This is our fifth and final installment on Psychology and Religion with Dr. Charles Hackney. Check out the previous articles in the series:
Moral Psychology and Smell
Psychology and the Book of Ecclesiastes
Questing Without Becoming a Spineless Wimpy Lily-Livered Milquetoast
Why Christians Shouldn’t Worry about the Neuropsychology of Religion
Our Spiritual Cognitions Go Up and Down, Up and Down, Up and Down:
by Charles Hackney
Today, we will be taking a cognitive approach to religion. Cognitive psychology is the study of the ways in which we process information. Recently, Brian Meier and colleagues used the tools of cognitive psychology to investigate the ways in which we process information about spiritual matters.*
God, being a spirit, cannot be directly perceived using our physical senses, so we are provided with symbols that convey something about God. For example, we shelter under God’s wings (Ruth 2:12; Psalm 17:8; Psalm 36:7; Psalm 57:1; Psalm 61:4; Psalm 63:7; Psalm 91:4), even though he does not literally have physical wings. The same goes for God’s arm (Isaiah 42:10), hand (Exodus 7:5), feet (Nahum 1:3), and nostrils (2 Samuel 22:16). God is also described in terms of light (2 Samuel 22:29), fire (Deuteronomy 4:24), lightning (Psalm 29:7), and the sun (Psalm 84:11). These things tell us about God, revealing a piece of truth in terms that we can understand.
The symbols Meier and colleagues investigated involve vertical space. In a series of experiments, they tested the idea that people will automatically associate the divine with highness.
In the first experiment, the researchers found that participants processed words associated with God (like “creator” and almighty”) faster if they were paired with words associated with the concept of “up” (like “high” and “above”), and they process words associated with the Devil (like “demon” and “Satan”) faster if they were paired with words associated with the concept of “down” (like “bottom” and “descend”).
In the second experiment, participants processed words associated with God faster if those words were placed higher on a computer screen, and they processed words associated with the Devil faster if those words were placed lower on the screen.
In the third experiment, participants were shown pictures, and later asked to remember where those pictures had been on the computer screen. There was a tendency for participants to recall God-related images as having been higher on the screen than they actually had been, and to recall Devil-related images as having been lower on the screen than they actually had been.
In the fourth experiment, participants were asked to look at pictures of strangers and guess whether or not those strangers believed in God. The higher on the computer screen the pictures were, the more likely people were to guess that the stranger was a believer.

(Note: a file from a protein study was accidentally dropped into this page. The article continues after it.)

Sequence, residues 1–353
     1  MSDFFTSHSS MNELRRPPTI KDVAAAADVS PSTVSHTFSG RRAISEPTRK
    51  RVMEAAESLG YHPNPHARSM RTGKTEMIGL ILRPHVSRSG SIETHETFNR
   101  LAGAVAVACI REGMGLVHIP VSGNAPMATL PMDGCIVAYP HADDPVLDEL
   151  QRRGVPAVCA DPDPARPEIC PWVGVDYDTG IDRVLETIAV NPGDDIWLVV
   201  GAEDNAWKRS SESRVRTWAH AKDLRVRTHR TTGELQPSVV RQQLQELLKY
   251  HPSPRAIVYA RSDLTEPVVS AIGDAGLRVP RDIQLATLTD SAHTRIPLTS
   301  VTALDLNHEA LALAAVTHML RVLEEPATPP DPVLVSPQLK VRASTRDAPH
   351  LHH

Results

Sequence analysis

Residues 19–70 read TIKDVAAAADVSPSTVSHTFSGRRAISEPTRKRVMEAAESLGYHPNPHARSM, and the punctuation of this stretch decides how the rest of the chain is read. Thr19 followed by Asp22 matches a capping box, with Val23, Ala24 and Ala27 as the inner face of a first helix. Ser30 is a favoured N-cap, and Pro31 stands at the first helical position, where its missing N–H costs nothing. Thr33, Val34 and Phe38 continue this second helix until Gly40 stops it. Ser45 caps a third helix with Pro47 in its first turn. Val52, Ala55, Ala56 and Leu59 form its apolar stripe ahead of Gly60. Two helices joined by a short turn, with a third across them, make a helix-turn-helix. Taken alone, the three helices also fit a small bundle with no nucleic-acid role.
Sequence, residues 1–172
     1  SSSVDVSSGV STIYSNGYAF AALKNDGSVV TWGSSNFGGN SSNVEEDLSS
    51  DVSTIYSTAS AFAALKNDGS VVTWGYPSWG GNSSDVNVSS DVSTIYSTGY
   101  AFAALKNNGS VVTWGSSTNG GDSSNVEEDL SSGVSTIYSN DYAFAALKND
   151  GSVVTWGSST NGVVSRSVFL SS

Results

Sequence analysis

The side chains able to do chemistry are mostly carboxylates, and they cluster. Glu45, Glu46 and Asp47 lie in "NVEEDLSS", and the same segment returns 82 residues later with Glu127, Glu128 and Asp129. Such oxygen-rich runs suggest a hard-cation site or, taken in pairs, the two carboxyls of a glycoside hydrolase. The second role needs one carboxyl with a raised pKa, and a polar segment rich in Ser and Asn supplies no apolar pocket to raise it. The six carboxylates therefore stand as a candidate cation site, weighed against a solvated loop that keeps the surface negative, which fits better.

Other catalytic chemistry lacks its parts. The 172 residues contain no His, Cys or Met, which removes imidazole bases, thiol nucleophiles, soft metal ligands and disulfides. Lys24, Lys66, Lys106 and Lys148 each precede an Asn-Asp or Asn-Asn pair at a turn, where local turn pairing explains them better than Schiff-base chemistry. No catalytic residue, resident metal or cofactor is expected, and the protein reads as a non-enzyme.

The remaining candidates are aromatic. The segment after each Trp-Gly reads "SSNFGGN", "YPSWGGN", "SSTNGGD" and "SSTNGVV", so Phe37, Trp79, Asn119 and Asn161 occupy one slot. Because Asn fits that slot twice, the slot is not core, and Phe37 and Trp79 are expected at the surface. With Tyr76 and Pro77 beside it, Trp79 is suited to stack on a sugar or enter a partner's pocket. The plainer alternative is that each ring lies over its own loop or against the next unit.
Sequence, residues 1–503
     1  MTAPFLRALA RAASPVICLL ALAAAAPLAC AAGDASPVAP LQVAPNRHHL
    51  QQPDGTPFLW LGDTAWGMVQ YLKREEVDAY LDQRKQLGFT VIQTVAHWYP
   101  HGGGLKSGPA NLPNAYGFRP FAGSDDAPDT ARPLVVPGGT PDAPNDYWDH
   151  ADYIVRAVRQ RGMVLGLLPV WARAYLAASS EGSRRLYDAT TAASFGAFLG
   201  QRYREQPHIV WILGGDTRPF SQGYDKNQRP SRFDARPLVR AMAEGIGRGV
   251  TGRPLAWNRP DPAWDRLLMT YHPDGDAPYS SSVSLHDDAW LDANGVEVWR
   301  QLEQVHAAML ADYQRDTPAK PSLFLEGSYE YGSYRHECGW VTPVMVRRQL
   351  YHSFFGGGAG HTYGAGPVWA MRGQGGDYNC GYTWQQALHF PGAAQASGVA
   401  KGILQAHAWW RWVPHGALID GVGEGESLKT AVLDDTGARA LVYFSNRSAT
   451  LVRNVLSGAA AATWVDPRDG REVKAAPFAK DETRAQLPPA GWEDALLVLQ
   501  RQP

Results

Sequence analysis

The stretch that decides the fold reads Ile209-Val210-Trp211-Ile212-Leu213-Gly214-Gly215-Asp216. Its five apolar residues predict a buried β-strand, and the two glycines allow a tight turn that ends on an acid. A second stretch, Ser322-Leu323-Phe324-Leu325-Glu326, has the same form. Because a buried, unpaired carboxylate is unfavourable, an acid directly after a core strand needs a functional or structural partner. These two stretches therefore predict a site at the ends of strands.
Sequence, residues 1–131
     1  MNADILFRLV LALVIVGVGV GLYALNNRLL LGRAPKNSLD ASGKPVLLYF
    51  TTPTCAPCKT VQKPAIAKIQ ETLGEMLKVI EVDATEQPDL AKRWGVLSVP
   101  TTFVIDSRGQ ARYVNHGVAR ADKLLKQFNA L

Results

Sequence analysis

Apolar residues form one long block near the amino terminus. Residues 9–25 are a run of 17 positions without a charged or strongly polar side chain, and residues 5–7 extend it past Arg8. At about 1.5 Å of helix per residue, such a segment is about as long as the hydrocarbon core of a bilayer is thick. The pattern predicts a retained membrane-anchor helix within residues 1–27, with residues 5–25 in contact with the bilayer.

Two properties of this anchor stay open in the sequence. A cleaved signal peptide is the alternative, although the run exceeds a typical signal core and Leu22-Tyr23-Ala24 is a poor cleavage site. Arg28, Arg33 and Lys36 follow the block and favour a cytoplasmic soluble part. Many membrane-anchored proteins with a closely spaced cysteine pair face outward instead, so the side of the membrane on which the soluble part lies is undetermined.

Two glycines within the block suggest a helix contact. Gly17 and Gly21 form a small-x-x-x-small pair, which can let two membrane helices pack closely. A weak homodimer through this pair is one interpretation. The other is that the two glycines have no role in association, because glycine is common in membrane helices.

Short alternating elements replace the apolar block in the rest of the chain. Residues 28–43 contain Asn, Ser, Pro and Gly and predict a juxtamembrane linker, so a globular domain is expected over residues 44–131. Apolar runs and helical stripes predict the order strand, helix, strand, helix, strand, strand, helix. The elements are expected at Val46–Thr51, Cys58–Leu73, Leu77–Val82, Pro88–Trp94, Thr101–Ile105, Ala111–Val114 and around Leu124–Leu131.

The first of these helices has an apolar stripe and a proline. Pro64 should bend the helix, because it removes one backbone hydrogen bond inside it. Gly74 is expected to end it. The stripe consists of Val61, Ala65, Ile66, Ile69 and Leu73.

Taken together, the results of these experiments show that people tend to make automatic connections between God and being “up.” I have seen this in my own ways of approaching God. Even though I know (at an intellectual level) that God is not actually located above my head (especially given our existence on a spherical planet), I am more likely to raise my head when I pray than to point my head toward the lower left corner of the room. If I feel humbled, I am more likely to lower my eyes than to raise them or shift them off to the side.
In the Bible, we also see God being given an elevated location. Moses went up Mount Sinai to meet with God (Exodus 19). Psalms 120 through 134 are the Psalms of Ascent, sung by pilgrims going up to Jerusalem. The author of Psalm 144 asks God to “reach down your hand from on high” to rescue him. Jesus was lifted up in the same way that the bronze serpent was lifted up (John 3:14). After the resurrection, Jesus was “taken up” into the sky (Acts 1:9).
Why this powerful connection between God and height? Why does scripture describe God as being “up,” when technically God is equally accessible in all directions?
I guess it’s the psychologist in me, but my first thought is to go to the power of early childhood experiences. We come into the world, surrounded by people on whom we are utterly dependent. These people are tremendously stronger than we are, considerably more knowledgeable, able to accomplish feats that are beyond our comprehension, and yes, very much taller than we are. This may be one reason why parental language is also prominent in the Bible’s descriptions of God. Our early lives are spent “looking up” at these powerful caregivers, so when we think of God, we automatically “think up” at him.
Thank you for joining us in this series on the psychology of religion.
*Meier, B. P., Hauser, D. J., Robinson, M. D., Friesen, C. K., Schjeldahl, K. (2007). What’s “up” with God? Vertical space as a representation of the divine. Journal of Personality and Social Psychology, 93, 699-710.
Chuck is Associate Professor of Psychology at Briercrest College and Seminary and author of Martial Virtues. Originally from Fairbanks, Alaska, Chuck has been living in Canada since 2003. He is married to a beautiful Canadian woman, me!